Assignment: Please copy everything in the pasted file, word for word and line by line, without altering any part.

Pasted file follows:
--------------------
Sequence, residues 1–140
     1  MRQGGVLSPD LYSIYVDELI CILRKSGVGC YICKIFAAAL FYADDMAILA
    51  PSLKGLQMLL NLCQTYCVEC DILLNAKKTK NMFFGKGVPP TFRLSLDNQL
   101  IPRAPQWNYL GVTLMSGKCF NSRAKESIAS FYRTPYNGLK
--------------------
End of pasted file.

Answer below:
Sequence, residues 1–140
     1  MRQGGVLSPD LYSIYVDELI CILRKSGVGC YICKIFAAAL FYADDMAILA
    51  PSLKGLQMLL NLCQTYCVEC DILLNAKKTK NMFFGKGVPP TFRLSLDNQL
   101  IPRAPQWNYL GVTLMSGKCF NSRAKESIAS FYRTPYNGLK